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The Way I See HB3399 And The Common Core Fight In Oklahoma

That’s it.  Right there in that box.  That’s how I see HB3399 and the Common Core fight in Oklahoma.

I see nothing but red.  

When I started trying to fight Common Core years ago, I remember being gullible enough to believe that because Common Core wasn’t right, it was stoppable.  I remember being looked over, ignored and shut out by parents, legislators, the State Department of Education (SDE) and taxpayers, but I remember believing the truth would somehow win out.  

I don’t believe that anymore.

I do believe Josh Brecheen and Jason Nelson have worked longer and harder on HB3399 this session than any of their other bills – and despite what some might say, both men truly want to stop Common Core.  I have no doubt about that anymore.  Here’s what I DON’T DOUBT.

Brad Henry took State Fiscal Stabilization Funds (SFSF) from the Obama administration and when he did, he began the process of handing over Oklahoma’s public education to the federal government.  He didn’t stop there, though, he continued the process by applying for a Race to the Top (RTT) grant.  For every education ‘reform’ Oklahoma put into LAW, Oklahoma got more ‘points’ on their RTT grant. Consequently: 
  • the Common Core State Standards were instituted into law before they were ever even available to read in final form,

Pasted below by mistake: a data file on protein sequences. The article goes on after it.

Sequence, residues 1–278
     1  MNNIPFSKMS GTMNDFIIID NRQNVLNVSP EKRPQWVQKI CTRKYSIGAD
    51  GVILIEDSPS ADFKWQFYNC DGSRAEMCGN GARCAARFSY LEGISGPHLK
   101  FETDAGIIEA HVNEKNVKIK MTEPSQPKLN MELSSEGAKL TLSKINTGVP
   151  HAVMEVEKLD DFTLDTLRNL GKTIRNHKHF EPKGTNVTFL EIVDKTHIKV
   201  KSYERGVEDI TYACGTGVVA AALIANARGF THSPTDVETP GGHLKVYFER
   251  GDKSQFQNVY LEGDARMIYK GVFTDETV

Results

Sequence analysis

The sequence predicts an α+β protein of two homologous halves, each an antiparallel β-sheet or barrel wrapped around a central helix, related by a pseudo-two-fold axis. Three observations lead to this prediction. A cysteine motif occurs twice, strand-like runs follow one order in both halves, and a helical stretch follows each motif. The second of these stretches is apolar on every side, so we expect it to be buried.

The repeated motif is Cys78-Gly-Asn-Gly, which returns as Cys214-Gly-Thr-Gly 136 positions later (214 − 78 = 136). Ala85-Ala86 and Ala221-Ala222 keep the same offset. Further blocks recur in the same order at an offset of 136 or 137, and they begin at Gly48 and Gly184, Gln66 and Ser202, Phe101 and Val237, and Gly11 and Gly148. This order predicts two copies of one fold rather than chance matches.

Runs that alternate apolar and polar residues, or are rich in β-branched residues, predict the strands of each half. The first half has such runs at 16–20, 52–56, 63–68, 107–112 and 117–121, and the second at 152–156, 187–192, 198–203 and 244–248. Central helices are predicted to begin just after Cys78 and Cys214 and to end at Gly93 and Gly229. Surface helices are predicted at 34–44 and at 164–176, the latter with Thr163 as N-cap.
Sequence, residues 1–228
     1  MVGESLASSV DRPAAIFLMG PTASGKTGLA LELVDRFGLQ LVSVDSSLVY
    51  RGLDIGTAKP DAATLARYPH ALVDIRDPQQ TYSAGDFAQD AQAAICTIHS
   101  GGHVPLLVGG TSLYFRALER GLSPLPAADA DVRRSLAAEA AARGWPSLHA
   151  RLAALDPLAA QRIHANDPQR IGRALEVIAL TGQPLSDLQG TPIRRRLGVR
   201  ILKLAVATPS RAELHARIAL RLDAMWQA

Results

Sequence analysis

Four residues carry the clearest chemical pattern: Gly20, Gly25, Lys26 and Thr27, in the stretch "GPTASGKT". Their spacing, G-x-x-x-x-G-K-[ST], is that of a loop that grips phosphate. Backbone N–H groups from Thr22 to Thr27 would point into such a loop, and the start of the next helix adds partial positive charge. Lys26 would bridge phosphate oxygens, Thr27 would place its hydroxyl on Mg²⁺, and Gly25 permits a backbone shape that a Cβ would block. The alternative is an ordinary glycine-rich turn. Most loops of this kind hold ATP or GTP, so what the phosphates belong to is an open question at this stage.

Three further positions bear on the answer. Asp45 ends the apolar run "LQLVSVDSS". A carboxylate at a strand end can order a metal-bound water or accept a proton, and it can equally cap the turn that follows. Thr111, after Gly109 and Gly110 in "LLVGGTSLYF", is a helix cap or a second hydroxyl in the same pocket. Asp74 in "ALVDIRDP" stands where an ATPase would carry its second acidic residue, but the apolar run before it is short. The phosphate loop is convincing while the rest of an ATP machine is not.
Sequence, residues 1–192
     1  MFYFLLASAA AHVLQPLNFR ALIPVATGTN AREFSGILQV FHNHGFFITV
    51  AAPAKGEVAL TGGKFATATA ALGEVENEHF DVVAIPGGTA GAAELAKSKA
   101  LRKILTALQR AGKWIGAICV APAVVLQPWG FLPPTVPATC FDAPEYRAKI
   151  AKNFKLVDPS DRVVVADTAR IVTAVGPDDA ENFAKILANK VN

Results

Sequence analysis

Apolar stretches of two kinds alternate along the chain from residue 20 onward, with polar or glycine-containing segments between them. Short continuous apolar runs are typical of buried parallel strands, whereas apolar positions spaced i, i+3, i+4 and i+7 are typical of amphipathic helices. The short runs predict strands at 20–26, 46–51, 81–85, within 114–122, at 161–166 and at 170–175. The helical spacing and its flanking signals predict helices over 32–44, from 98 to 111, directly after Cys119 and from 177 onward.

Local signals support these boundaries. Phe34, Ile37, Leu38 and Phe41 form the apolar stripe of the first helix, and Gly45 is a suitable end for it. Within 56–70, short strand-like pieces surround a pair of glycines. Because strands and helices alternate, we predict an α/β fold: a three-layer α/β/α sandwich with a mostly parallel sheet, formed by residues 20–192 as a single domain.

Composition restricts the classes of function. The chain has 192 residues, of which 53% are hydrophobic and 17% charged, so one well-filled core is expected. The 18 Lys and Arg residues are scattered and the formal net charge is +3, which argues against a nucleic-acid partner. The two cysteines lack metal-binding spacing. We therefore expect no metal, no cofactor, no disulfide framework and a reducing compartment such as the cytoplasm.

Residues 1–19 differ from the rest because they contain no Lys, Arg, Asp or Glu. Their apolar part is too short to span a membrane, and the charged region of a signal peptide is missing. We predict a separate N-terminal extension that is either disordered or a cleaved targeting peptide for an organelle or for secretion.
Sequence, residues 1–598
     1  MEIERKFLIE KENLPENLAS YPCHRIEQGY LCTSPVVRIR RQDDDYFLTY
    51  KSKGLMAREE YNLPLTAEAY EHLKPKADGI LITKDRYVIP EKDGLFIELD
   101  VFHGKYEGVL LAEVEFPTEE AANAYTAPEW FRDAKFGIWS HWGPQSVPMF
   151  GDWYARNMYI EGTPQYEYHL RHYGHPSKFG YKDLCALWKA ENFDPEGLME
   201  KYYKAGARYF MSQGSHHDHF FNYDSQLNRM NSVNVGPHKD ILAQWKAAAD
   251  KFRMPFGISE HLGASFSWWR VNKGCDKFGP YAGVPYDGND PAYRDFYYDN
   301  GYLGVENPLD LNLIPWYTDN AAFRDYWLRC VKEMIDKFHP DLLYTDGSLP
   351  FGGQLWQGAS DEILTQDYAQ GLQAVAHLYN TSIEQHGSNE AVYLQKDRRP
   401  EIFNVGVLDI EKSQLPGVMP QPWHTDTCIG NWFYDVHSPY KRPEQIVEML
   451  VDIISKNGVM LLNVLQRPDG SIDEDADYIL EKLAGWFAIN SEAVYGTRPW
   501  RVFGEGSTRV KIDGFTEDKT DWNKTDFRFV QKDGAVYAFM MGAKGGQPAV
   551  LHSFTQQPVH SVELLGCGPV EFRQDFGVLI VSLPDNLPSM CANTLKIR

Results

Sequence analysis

• the underpinnings of the P20/W Council (Prek-20 years and Workforce) were cemented in place to collect massive amounts of data on public school children without consent of their parents thanks to the changes in FERPA laws under Arne Duncan and the Obama administration
  • A-F grading system and teacher ‘accountability’ systems were begun


No matter how disastrously some policy has turned out, anyone who criticizes it can expect to hear: “But what would you replace it with?” When you put out a fire, what do you replace it with?

– Thomas Sowell

I agree wholeheartedly with Thomas Sowell, so you may be surprised to learn that the purpose of this article is to outline what should be done when Obamacare completes the incineration of one-sixth of our nation’s economy.  But there is no real contradiction between agreement with Sowell and recognizing the need to replace Obamacare with reasonable reforms.  No one contends that the American health care system prior to 2010 when the Affordable Care Act (ACA) was passed was perfect.  However, health insurance, or the lack thereof, was not the primary problem.  Escalating cost of care was, and the ACA did nothing to solve that problem.  Consequently, regardless of whether the ACA collapses under its own weight; is repealed, in whole or in part; or is simply amended piecemeal, it is appropriate to consider what should replace it.


Elected Officials vs Citizens: Who do YOU trust?

  Trust, like character takes a lifetime to build and only an instant to destroy.  Trust is sorely missing in how citizens feel about the officials they elect to represent them and look out for their best interests.  Trust is missing because of the influence of outside factors, such as big business and the chamber…

By David Van Risseghem

  The Mental Health Association Of Tulsa Has Entered The Debate On The Tulsa Jail Bond Politics.
Executive Director, Michael Brose Addresses His Complex Response To The Jail Bond Vote.

   Like Michael,   many of us who serve in leadership for mental health advocacy are sorting out conflicting concerns about mental health treatment, and the format in which it is being delivered; or not delivered.